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Staying with the Locals in Palestine

Posted by Dhala Campbell 29th April 2014
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"Welcome, welcome".... "Where are you from?" These are two very common phrases you hear as you move around Palestine; young and old people are genuinely thrilled that people are coming to visit.

Along our walk we have stayed as guests of local Muslim families, whose warmth and friendliness has been overwhelming. In the Christian Village of Taybeh (where they make an extremely good beer and its the only brewery in Palestine) we stayed with the sisters in the the convent, a charming oasis of calmness. We have also camped with a local Bedouin family which might have been the most basic of stays, but no doubt something people will remember for a long time. Our hostess was a striking looking lady and her two young daughters, who had their mother's looks, were totally charming as we were dragged off to look at the baby kid goats, kitchen etc. We where encouraged to try our hands at milking the goats when the flock had arrived home - harder than it looks! The youngest member of our group, Cushla, was invited to sleep on the sleeping platform outside under the stars, which was made of old doors and accessed by climbing up a ladder with the family. Tucked into bed by mamma and with one of the little girls holding her hand she fell asleep with a gentle breeze, whilst the rest us were down on the ground under the awning outside their house.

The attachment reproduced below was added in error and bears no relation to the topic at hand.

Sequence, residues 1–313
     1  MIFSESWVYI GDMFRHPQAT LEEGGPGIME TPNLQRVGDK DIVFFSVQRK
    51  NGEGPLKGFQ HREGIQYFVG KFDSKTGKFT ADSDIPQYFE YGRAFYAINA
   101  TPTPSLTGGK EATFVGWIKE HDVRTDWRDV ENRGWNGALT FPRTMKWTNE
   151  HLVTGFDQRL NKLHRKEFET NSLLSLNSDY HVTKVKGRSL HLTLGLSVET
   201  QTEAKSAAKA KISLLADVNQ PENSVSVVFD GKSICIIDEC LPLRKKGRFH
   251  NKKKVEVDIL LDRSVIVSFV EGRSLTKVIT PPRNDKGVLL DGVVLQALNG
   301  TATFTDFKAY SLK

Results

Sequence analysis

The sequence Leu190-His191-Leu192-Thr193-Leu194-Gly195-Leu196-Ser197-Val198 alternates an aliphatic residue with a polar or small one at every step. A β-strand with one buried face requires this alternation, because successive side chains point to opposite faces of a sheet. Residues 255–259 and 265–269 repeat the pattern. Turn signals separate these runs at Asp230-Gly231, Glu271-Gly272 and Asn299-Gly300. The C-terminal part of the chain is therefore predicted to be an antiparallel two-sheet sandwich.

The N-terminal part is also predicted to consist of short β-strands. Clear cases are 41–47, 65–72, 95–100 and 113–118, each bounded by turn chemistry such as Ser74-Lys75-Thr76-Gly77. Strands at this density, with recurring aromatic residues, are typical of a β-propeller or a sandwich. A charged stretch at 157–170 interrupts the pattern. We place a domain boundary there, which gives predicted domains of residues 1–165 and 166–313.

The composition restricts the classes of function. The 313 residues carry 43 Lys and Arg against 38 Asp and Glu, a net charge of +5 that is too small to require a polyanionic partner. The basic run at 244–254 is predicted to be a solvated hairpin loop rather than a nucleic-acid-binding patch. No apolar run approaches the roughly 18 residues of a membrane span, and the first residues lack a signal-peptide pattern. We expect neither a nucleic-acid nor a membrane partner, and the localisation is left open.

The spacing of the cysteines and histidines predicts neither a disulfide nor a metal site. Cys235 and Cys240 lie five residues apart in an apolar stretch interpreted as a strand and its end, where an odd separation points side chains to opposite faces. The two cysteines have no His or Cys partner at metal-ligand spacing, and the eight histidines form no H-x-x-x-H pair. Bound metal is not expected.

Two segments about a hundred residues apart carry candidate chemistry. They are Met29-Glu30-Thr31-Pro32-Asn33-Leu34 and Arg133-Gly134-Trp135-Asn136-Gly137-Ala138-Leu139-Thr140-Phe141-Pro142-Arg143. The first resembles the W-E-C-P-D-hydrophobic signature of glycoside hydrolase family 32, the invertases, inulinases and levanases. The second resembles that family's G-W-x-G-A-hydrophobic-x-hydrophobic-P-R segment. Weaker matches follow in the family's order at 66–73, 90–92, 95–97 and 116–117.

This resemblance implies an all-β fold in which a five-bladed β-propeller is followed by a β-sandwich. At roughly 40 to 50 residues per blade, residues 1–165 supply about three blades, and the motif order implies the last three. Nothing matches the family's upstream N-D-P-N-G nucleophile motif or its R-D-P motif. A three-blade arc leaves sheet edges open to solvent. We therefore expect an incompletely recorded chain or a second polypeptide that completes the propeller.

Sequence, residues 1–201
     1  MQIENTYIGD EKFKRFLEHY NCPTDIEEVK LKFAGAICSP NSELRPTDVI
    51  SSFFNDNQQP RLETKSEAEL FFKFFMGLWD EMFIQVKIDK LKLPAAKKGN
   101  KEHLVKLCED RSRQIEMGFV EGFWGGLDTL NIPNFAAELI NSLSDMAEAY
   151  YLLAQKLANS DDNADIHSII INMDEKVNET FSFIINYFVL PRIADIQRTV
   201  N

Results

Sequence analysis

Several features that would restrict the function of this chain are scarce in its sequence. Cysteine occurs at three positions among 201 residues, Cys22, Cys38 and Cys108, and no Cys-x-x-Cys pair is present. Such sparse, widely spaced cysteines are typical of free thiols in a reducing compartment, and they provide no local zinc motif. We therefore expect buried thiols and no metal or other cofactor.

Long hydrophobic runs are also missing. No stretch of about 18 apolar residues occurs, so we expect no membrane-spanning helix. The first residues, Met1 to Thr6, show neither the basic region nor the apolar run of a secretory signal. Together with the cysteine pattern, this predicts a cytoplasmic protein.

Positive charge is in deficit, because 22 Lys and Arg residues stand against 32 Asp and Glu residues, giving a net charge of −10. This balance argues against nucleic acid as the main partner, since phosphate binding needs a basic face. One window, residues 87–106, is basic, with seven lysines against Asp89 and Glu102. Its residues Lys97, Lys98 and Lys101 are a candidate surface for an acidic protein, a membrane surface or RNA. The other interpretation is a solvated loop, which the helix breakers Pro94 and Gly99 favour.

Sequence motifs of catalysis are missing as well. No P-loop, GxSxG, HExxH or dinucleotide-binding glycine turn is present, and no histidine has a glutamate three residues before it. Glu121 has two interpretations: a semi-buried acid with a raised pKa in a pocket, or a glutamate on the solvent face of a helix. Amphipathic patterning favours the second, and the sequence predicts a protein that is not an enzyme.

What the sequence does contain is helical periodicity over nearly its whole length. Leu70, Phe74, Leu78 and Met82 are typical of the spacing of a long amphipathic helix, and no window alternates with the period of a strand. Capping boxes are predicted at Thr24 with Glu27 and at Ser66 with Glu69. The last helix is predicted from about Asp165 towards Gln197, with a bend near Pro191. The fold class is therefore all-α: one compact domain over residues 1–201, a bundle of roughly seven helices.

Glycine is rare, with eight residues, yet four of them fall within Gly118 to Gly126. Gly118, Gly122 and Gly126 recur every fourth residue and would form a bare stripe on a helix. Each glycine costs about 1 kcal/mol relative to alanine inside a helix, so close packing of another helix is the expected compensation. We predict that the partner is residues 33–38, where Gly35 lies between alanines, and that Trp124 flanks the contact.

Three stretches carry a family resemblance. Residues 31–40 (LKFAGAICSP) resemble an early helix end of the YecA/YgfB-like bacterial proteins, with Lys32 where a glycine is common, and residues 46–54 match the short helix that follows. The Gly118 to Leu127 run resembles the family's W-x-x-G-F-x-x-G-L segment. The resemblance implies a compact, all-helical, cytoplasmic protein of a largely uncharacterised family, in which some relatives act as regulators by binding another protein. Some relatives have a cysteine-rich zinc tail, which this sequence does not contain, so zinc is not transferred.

Each day's walking was been varied, walking across farmland and climbing up hills terraced with with olive trees. On another day we walked down a gorge spotting fossils on the ground and picnicking in the shade under the overhanging wall of rock. We've meandered down Wadi el Qilt having visited the monks in the monastery, floated in the Red Sea and slapped on mud like the locals do and listened to Russian women singing outside another monastery as we collapsed in a heap under the shade of an olive grove at the end of our last walk. We have watched the sun go down over Jerusalem with a cold beer from the roof of the Austrian hospice in the old city, as we gazed across the rooftops and admired the golden glint of the Dome of the Rock in the fading sun.

All in all it's been a wonderful journey and we still have today to explore the old city of Jerusalem.

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